‘LET THE STUDENT DECIDE’….Sen. John McCain (R-Ariz.) hopes to become the oldest person ever elected president, but he’s still making an effort to reach out to younger voters. Consider what Mr. Straight Talk told an MTV audience recently.
“Let the student decide.” With those well-chosen words John McCain summed up his view on the teaching of “intelligent design” along with evolution in public schools.
In related news, McCain said he’d like to see students decide whether to believe the earth is flat, the South won the Civil War, the value of pi is exactly 3, and one can contract the AIDS virus through tears and sweat.
OK, so he didn’t actually endorse these other positions, but by saying that students should decide whether to learn pseudoscience alongside modern biology, McCain appears willing to make science classes popularity contests. One wants to believe McCain knows better and he’s just saying these nonsensical things to bolster his presidential ambitions, but that makes him even less appealing.
Matt Yglesias recently said that McCain is “more honest than the conventional Republican, but basically has the same worldview.” I agree, but it remains to be seen just how far McCain is willing to stray in order to appeal to presidential primary voters.
Early indications suggest the answer is, “Pretty far.”
In February 2000, for example, then-presidential candidate McCain traveled to Virginia Beach, home of Christian Coalition founder Pat Robertson, in advance of Virginia’s GOP primary. Taking what he said was a principled stand, McCain blasted the religious right.
“We are the party of Ronald Reagan, not Pat Robertson,” McCain said, adding, “Neither party should be defined by pandering to the outer reaches of American politics and the agents of intolerance, whether they be Louis Farrakhan or Al Sharpton on the left, or Pat Robertson or Jerry Falwell on the right.”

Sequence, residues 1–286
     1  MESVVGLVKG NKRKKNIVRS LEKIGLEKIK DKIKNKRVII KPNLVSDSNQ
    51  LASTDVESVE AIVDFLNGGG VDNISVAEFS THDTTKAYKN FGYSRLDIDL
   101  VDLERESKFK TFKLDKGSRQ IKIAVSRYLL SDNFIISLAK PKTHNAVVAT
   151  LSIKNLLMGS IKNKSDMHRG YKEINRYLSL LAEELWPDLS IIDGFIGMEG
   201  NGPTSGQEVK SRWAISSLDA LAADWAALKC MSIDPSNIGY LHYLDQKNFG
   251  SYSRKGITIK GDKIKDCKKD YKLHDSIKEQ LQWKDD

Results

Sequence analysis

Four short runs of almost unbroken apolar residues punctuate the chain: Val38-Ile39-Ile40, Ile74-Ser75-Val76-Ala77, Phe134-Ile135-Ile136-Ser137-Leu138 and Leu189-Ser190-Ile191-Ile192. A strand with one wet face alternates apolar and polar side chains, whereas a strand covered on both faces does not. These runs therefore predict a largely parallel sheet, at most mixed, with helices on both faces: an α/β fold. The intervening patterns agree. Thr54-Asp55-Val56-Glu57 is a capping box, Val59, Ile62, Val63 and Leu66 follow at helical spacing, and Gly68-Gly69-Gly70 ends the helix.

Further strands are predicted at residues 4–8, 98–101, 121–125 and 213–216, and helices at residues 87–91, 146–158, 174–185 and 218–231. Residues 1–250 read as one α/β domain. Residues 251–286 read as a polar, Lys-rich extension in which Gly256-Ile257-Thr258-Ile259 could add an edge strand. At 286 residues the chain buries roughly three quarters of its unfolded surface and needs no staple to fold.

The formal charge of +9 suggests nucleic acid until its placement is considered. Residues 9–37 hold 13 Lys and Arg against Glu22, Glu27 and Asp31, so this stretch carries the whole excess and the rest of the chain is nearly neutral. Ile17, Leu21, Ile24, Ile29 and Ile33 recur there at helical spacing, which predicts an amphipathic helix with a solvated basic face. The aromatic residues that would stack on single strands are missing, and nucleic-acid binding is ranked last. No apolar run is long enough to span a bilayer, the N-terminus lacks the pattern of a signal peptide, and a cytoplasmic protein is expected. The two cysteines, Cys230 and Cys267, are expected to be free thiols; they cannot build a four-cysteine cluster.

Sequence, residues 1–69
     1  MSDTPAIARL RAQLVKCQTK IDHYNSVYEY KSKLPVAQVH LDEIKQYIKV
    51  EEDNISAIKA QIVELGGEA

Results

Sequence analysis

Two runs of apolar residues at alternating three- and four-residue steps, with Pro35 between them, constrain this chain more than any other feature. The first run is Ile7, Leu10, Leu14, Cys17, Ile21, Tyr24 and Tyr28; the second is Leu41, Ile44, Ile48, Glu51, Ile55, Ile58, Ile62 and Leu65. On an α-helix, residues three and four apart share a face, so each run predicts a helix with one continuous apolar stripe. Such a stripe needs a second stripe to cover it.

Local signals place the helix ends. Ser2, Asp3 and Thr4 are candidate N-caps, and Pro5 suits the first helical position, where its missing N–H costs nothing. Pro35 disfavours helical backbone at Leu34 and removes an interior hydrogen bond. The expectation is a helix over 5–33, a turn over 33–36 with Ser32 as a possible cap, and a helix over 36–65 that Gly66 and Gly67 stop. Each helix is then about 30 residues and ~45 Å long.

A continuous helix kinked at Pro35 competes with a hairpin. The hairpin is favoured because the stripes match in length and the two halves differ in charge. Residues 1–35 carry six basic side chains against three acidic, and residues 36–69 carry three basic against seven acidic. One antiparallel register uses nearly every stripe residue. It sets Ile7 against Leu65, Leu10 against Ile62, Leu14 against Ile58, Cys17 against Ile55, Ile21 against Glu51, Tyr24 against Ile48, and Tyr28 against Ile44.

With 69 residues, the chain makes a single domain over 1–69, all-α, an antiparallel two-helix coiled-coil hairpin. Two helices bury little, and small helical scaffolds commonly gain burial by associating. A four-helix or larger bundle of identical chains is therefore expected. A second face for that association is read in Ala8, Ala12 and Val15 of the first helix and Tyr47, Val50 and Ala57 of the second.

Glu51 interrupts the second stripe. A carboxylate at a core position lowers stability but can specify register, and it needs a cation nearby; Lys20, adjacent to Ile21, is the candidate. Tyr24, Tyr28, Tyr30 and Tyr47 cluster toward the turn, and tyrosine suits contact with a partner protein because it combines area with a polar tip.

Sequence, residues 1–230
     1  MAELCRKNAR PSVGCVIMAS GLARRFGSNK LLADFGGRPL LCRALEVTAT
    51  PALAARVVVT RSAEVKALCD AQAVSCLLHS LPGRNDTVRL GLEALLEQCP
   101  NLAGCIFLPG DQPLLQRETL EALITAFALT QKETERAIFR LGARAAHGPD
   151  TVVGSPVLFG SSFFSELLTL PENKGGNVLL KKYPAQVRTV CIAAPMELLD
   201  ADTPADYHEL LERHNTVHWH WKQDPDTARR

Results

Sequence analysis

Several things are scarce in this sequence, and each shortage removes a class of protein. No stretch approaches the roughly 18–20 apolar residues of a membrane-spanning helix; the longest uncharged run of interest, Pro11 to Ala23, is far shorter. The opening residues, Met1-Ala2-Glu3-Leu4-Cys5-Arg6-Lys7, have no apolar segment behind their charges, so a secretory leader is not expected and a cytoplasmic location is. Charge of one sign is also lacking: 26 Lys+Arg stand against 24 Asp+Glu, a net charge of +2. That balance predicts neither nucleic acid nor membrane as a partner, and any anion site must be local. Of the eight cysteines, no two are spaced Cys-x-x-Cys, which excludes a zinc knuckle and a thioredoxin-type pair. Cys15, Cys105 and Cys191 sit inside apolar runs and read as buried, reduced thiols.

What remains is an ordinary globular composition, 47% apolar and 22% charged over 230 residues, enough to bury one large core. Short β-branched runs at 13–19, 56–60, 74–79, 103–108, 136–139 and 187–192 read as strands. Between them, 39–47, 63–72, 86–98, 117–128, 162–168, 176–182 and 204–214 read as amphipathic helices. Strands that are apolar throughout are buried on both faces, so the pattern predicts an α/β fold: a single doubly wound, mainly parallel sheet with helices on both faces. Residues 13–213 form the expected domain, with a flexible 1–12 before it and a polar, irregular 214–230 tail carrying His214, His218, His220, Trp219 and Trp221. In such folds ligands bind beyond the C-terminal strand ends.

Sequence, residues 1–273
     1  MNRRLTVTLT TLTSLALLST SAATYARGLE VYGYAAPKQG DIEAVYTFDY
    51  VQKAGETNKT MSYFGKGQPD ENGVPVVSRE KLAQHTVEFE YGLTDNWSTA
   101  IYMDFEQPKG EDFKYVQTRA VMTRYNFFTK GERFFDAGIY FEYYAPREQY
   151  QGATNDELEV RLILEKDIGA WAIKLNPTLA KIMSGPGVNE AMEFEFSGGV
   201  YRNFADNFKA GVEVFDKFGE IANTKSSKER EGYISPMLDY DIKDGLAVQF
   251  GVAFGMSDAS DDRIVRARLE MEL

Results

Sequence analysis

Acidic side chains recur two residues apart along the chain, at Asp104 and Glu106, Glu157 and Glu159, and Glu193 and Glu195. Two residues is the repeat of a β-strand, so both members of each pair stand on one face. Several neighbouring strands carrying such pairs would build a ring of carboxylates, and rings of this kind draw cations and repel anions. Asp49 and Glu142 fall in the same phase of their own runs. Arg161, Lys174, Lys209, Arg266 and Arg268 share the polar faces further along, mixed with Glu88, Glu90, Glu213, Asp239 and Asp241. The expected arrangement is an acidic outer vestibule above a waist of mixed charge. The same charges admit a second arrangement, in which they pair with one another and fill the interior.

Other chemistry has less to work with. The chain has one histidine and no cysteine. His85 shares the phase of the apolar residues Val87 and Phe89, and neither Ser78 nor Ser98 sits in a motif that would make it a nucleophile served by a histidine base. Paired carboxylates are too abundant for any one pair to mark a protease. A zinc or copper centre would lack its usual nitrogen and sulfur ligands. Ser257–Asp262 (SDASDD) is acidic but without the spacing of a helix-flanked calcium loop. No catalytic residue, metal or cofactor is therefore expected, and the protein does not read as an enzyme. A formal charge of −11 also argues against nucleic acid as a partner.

That was then. Just last month, McCain’s office confirmed that the senator has been chatting with Falwell. Given the context of McCain’s presidential ambitions, it’s probably safe to assume the senator didn’t give Falwell a private audience just so he could remind the TV preacher that he’s an “agent of intolerance.”
McCain isn’t in a comfortable position. He angers the right by fighting Bush on torture, but then angers everyone else by embracing a rigid state ban on gay marriage and intelligent design. He makes one side happy with a vote on repealing the estate tax, but disappoints the exact same people with the Gang of 14 compromise. He backs Bush on privatizing Social Security and the war, but lets Bush down on stem-cell research and campaign-finance reform.
My friend Ari Berman recently explained that McCain has “an uncomfortable predicament for a pragmatic problem solver.” Somehow, I doubt his “let the student decide” pronouncement will make things any easier.